Thursday, 19 April 2012

A Taste of Rallying

These seats were in the reception building. The other seat says "Nicky" on it underneath the hair net.
Last Saturday was an educational day for me, despite it still being the Easter holiday (just). I finally used the last of my gift experience vouchers - the other of which was something of a dream come true - and went to drive a rally car on a nice muddy course near Chipping Norton. Sure, it was front-wheel-drive, but they're hardly going to let amateurs let rip in a Subaru Impreza STI, are they? Besides, I didn't miss the lack of driven rear wheels at any point, what with all the oversteer I was enjoying...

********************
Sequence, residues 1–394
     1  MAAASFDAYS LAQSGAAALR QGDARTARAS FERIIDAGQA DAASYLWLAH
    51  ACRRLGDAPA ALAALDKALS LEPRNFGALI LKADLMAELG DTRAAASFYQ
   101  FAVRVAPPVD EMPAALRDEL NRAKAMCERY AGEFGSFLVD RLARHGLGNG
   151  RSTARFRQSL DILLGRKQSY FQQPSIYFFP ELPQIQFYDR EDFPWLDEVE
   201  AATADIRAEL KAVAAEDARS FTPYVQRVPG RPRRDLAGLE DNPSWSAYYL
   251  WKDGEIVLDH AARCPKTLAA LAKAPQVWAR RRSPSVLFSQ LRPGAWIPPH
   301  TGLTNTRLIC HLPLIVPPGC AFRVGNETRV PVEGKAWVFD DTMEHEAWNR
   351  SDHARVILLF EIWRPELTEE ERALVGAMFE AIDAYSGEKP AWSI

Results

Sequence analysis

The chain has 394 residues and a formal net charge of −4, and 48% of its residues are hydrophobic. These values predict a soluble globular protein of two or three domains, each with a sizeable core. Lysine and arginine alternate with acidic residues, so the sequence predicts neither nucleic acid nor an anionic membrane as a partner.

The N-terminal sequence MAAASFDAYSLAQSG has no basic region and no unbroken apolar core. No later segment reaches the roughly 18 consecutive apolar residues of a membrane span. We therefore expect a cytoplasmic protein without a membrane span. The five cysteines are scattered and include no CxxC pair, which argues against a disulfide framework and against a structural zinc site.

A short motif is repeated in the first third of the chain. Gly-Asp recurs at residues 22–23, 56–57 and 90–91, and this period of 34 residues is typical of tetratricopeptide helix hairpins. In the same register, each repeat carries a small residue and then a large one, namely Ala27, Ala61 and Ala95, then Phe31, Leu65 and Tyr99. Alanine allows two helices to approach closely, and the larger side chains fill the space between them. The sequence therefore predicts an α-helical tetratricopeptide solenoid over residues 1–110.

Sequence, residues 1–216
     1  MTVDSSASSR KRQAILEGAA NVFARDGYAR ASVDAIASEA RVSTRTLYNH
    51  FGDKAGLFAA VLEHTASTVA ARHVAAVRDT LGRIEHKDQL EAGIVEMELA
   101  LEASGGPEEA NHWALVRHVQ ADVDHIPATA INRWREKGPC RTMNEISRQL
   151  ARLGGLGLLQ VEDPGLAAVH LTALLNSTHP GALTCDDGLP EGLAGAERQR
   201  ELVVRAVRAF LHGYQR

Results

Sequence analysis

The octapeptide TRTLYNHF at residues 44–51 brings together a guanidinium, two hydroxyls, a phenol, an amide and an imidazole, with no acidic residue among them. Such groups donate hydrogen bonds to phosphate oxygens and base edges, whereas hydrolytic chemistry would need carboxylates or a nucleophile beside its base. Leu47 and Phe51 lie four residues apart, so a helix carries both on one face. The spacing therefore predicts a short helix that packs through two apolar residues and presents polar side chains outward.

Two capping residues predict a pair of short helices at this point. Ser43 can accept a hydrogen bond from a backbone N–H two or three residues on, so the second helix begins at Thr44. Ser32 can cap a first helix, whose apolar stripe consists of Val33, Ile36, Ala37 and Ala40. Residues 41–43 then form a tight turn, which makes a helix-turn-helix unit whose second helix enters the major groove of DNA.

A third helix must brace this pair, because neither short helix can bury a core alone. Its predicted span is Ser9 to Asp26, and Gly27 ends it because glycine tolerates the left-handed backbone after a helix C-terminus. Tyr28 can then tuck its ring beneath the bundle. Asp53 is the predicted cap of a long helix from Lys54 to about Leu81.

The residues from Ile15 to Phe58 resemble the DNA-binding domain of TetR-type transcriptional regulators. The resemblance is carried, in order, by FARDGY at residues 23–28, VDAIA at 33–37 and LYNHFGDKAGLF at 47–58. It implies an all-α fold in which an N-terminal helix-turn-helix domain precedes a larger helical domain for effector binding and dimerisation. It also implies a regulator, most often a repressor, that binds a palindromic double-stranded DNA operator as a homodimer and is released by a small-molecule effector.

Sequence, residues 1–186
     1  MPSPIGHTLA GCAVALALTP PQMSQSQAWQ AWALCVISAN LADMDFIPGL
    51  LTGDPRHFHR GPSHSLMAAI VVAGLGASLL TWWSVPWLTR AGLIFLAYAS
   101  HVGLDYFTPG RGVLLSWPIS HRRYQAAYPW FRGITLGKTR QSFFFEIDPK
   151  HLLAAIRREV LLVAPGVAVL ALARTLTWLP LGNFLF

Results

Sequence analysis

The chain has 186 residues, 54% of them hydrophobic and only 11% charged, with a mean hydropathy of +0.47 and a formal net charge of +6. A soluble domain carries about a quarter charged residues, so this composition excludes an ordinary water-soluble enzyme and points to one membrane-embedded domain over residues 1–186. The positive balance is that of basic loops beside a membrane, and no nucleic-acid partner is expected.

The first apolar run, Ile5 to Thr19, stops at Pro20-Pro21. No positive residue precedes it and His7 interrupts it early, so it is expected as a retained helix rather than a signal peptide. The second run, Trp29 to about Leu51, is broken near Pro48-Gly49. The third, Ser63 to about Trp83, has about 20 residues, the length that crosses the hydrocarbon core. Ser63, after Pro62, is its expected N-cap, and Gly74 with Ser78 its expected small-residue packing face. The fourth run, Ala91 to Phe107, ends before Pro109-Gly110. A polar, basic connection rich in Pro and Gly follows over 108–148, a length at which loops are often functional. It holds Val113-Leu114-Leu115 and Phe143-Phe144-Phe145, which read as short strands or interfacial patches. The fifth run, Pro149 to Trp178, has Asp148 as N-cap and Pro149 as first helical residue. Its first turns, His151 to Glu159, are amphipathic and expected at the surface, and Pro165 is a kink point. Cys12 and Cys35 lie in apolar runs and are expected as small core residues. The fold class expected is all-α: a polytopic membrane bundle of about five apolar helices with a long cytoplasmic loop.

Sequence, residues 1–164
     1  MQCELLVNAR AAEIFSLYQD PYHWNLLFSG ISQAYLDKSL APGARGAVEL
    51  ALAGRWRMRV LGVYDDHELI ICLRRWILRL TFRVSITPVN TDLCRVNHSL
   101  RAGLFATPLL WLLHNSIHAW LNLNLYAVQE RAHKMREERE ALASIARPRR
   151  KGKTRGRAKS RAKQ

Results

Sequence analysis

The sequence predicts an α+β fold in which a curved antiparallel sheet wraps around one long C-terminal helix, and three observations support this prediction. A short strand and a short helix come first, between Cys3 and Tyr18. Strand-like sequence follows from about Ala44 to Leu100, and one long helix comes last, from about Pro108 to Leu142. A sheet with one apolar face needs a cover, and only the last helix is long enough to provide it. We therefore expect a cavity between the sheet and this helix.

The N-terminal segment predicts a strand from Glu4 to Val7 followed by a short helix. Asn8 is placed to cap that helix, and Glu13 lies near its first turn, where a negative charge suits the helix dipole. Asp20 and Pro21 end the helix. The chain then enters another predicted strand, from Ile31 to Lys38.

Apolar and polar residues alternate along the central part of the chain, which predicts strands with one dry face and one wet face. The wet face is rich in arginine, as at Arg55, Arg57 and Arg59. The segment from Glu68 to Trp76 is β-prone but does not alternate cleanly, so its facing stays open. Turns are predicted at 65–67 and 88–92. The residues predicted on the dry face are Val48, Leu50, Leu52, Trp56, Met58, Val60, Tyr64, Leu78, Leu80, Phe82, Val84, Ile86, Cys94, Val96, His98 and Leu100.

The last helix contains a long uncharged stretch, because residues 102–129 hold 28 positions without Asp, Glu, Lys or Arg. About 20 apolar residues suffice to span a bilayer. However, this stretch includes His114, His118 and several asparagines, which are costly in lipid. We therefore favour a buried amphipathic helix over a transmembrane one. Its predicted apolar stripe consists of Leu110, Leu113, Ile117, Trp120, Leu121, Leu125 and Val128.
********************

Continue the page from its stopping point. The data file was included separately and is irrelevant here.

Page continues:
The scene was Tracey Farm in Great Tew in Oxfordshire, near Chipping Norton. Despite being near Chipping Norton, I didn't happen across Jeremy Clarkson at any point, which was as disappointing as it was completely unsurprising. After a little wait around for the other two participants in what was a group of four (it doesn't work in the same way as the supercar thing where you turn up and hop in), we were taken to the track, featuring enough chicanes and hairpins to try out the techniques we were to be taught, while being compact enough to mean that you basically get into second gear and stay there. The map below lies, by the way; the road is coloured in grey, but it's actually covered in dirt that's sprayed heavily with water if it's getting too dusty. Perfect for sliding!